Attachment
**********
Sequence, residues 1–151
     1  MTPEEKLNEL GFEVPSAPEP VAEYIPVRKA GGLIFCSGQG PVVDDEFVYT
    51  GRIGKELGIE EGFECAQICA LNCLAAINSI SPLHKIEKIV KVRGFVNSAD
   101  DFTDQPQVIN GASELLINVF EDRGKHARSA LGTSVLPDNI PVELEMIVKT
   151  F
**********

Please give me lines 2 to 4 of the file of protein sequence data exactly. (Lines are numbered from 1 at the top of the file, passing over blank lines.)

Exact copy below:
     1  MTPEEKLNEL GFEVPSAPEP VAEYIPVRKA GGLIFCSGQG PVVDDEFVYT
    51  GRIGKELGIE EGFECAQICA LNCLAAINSI SPLHKIEKIV KVRGFVNSAD
   101  DFTDQPQVIN GASELLINVF EDRGKHARSA LGTSVLPDNI PVELEMIVKT